Preliminary results from a study by Jupiter Research suggests that music file sharing has remained static over the past 12 months.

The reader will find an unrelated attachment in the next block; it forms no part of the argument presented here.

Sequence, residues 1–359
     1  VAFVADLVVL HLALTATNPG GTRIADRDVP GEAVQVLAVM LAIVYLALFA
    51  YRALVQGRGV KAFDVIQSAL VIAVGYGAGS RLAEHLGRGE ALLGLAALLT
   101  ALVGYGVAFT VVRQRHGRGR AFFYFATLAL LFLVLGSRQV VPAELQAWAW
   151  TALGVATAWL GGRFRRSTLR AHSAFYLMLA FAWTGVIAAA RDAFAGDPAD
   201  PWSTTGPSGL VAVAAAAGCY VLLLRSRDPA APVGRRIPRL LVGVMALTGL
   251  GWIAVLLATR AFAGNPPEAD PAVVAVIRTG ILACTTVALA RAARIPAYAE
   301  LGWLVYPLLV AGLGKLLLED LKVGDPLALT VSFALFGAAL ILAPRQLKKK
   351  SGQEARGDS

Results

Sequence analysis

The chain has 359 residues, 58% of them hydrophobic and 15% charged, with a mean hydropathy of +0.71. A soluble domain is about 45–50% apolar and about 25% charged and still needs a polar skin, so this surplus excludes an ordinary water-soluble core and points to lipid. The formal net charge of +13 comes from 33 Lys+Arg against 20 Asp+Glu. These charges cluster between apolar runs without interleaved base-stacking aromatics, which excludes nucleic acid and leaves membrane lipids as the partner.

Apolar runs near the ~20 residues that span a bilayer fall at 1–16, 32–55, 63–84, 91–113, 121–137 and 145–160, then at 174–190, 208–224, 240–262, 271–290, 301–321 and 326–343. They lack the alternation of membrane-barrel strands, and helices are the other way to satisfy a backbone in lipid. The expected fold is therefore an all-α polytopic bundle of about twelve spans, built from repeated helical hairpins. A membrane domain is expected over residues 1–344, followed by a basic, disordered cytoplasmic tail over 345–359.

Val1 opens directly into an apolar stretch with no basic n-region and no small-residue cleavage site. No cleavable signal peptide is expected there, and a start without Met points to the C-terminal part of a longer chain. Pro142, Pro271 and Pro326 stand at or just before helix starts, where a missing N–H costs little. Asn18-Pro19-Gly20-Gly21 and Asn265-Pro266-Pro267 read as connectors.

This led Jupiter analyst Mark Mulligan to question whether such an investment in legal action was worthwhile. Album sales in the UK have seen undented growth throughout the rise of illegal downloading. They are 35 per cent higher now than in 1998, suggesting that file sharing is not as dire a threat as the BPI says it is. The assumption has often been made that because people share music by copying tapes, burning CDs or logging on to file-sharing network, they also stop buying. A study by research company The Leading Question showed that regular file-sharers spend £5.52 a month on music, compared with other fans who spend £1.27. 'You could be prosecuting your best customers,' says Simon Dyson at Informa.